Following my race at Ironman 70.3 Rapperswil, I realised the importance in having the right mental attitude when going into a race. I had qualified for the World Championships already, so I was racing with the aim of achieving personal objectives.
Perhaps for some this would involve less self-inflicted pressure, but considering my self-competitive nature, it did not feel that way. It also turned out to be Switerland’s national Championships – which given the quality and depth of Swiss triathletes, there was undoubtedly going to be some tough competition.
During the race, I felt as though there were several defining moments: “fight or flight”.
The first happened during the swim. We were about 2oom in and I was swimming behind a pair of feet in the somewhat glacial 14C waters, when some woman decided to come and try and push me out. Until then, it had been a relatively contactless start, but that initial lactic was starting to build up and my head was throbbing from the cold. For those who swim open water a lot, you will understand the implications of this women’s actions, had she been successful: you loose your draft.
I had the choice to let her go and fight with someone else for her feet, or stand my ground.
I stood my ground – well, I swam my water. In the end she backed down and swam on my feet. Ok, the time difference would only amount to a couple of seconds, but the attitude difference can make or break a race.
There’s a balance to it though: if you start being complacent in every aspect of racing and life, you ain’t gonna get too far. But if you fight when it’s not necessary, you use up a lot of energy in stress and an unecessarily elevated heart rate as you scrawl to gain a couple of seconds. At the beginning of a 5 hour race, it’s probably a bit of a wasted effort.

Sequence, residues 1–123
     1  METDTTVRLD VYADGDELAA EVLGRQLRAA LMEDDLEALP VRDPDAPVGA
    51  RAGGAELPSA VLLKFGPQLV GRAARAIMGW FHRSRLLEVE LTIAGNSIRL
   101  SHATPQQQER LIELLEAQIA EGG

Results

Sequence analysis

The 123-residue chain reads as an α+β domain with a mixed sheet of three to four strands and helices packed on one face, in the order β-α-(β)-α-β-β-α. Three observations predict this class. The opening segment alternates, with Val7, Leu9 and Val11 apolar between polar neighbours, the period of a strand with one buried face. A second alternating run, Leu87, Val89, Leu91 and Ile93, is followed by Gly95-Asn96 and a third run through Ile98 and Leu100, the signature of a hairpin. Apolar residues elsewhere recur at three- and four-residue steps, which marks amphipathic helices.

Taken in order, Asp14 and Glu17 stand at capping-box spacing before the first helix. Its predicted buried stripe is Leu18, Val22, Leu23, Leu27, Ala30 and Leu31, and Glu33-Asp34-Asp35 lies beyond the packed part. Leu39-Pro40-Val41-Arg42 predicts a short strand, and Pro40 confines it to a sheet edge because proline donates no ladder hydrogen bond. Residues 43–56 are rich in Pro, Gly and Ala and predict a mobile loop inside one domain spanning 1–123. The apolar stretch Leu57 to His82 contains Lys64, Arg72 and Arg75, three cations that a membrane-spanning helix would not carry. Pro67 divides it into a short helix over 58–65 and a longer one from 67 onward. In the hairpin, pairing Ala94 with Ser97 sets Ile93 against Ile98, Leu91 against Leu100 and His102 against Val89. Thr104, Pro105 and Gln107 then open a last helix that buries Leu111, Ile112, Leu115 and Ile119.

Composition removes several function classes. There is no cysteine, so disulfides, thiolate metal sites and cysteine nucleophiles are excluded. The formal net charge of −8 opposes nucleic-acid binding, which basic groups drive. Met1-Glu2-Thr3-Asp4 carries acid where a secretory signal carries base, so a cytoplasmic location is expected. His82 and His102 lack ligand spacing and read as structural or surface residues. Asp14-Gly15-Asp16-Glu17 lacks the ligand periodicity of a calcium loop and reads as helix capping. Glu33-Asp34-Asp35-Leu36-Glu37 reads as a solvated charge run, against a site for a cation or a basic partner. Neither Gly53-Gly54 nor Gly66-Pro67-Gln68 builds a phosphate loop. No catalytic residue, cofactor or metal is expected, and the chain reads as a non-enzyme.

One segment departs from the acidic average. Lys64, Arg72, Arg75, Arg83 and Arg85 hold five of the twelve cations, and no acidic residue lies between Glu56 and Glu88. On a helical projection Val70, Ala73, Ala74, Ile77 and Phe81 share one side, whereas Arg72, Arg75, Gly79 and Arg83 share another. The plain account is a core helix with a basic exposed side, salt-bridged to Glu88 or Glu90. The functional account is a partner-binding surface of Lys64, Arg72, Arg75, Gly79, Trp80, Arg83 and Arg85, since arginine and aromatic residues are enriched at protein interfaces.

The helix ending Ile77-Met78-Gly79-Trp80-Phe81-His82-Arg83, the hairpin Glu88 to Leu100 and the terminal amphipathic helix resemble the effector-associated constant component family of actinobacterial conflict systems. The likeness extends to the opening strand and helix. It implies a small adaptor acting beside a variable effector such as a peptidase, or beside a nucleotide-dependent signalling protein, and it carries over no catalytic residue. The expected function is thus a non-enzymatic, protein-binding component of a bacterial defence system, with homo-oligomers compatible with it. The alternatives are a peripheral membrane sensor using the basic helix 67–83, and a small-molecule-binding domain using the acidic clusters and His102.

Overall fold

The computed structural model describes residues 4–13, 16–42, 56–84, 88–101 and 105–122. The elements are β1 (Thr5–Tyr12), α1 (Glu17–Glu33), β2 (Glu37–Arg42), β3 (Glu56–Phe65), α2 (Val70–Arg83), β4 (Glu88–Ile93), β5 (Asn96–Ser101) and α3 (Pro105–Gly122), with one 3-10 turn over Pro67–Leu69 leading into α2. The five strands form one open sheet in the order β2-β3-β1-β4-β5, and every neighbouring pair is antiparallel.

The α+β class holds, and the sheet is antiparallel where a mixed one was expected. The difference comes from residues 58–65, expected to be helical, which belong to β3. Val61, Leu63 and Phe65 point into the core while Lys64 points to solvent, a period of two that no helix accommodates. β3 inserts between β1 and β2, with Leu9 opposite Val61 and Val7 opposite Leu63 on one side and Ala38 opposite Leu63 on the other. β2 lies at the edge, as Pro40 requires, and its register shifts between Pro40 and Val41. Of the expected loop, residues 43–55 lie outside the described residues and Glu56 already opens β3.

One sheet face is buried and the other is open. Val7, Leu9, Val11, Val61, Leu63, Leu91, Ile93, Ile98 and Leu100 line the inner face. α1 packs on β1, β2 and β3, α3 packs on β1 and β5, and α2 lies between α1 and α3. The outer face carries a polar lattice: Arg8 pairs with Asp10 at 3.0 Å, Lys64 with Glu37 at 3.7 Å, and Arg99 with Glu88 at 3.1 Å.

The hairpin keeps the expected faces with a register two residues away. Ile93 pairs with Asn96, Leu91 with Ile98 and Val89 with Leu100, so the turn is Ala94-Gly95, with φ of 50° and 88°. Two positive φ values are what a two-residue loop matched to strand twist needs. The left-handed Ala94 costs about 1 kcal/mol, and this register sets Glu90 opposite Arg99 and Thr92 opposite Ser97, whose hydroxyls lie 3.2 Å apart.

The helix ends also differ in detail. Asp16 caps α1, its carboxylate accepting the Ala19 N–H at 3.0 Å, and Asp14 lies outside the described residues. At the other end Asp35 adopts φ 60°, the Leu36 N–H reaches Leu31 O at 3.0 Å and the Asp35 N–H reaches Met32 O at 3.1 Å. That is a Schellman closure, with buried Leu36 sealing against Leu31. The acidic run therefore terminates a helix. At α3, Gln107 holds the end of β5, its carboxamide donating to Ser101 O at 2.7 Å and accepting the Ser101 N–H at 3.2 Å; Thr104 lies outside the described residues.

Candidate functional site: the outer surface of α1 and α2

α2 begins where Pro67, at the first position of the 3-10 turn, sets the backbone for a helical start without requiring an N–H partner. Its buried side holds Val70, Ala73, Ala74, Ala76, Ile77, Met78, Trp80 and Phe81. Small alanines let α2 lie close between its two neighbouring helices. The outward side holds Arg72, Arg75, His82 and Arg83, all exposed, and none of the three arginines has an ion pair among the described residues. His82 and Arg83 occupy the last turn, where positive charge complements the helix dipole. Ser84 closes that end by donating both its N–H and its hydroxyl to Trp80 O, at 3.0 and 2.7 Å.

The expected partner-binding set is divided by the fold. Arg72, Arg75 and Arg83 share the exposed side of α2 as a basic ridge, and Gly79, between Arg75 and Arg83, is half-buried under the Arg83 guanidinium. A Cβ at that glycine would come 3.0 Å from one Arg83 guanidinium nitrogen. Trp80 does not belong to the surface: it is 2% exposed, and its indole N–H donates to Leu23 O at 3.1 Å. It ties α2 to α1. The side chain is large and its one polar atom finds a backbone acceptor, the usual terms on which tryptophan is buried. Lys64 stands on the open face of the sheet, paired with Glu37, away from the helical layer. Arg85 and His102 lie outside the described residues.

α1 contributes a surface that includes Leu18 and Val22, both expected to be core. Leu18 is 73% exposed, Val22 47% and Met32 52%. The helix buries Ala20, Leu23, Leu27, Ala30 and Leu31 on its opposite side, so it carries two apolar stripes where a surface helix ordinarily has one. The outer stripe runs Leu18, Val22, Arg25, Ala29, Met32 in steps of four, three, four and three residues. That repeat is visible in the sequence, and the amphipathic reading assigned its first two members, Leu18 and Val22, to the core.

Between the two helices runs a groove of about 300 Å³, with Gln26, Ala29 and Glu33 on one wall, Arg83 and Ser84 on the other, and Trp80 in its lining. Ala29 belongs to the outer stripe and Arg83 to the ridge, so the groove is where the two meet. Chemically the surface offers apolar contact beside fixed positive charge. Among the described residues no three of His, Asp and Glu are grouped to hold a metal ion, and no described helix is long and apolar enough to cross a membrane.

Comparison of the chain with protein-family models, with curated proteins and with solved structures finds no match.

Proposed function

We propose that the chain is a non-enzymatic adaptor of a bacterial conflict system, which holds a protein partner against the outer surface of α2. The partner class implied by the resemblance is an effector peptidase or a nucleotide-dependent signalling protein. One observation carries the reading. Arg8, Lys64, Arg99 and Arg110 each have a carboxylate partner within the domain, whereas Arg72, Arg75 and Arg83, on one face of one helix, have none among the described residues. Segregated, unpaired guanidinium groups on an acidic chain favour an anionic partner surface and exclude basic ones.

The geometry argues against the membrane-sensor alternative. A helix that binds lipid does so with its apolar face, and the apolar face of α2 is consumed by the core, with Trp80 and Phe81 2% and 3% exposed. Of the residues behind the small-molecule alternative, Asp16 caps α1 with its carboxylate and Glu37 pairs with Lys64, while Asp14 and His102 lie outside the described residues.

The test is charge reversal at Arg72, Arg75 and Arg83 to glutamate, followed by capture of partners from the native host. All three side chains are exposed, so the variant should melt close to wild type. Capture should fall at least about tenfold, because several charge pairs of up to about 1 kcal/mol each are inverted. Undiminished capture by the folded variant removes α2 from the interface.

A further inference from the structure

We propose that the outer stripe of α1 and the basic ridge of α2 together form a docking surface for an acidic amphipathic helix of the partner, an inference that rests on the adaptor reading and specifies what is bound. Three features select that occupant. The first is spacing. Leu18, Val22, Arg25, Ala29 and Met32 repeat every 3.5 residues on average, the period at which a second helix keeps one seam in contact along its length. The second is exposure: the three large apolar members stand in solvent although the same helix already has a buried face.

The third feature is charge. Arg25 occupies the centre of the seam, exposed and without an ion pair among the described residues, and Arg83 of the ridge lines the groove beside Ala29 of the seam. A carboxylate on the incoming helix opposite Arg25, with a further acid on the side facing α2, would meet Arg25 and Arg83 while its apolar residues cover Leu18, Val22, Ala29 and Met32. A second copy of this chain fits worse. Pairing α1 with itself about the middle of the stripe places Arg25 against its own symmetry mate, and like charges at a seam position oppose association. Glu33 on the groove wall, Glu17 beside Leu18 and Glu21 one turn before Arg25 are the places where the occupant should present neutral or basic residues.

So use your judgement. I used mine then and needed it to get into an aggressive frame of mind for the rest of the race.
My transition onto the bike was nothing to be proud of, with my wetsuit suckered onto me due to a lack of vaseline applicatiction, it took 15km for me to work my way up to the front age-group girls.
Once there, I was not going to let go. I’ve made that error, lost that focus before and it had cost me. We stayed as a group of 3 for the first loop, and breaking away wasn’t realistic. Despite the 12m drafting rule which we were all respecting, riding with people gives you that extra edge and you can normally follow suite. As the age group men merged onto the course for our second lap, we were broken up and was less easy to locate where the others were riding. I played it tactically and managed to break away from the other two girls as we took on Witch’s Hill for the seond time.
Again, the choice was there: sit and wait, or fight. I took the later. A risky decision but got me a decent lead into the run.
Not enough though – at kilometer 16 I was over-taken by a girl who was running with incredible strength. I stuck with her for 500m, then realised that I would crample up (cramp and consequently cumble) the final ‘Stairway to Heaven’ – or Stairway to Hell – if I carried on at that pace. Again a deciding moment.
Of course after the race there are endless “if only I had held on” thoughts going through your head, but at the time it’s not possible. Something that needs to be worked on, but as we know: no triathlete is ever satisified.
I managed to come out with an AG win of over 20minutes and a top 10 finish in a strong field – crossing paths with Daniela Ryf as she went into her final 5km was inspirational to say the least. Also got a new PB of 4.39.38, on a non-flat course with over 1100m ascent on the bike
So for now, back to training.
A massive thank you to all the supporters out on the course – was such a confidence booster. To those from the Geneva Tri Club who made the whole race experience so much fun, and made singing as we went up the Beast seem like a totally normal thing to do -Julie Andrews eat your heart out. Thank you also to the incredible organisers of the event.
Finally, thank you to Coach Jurgen Zack for getting me race ready, Jiakina Sport and BV Sport Singapore for kitting me out and to the incredible generosity that meant I was riding a beautiful Cervelo P2.
“He who is not courageous enough to take risks will accomplish nothing in life.” –Muhammad Ali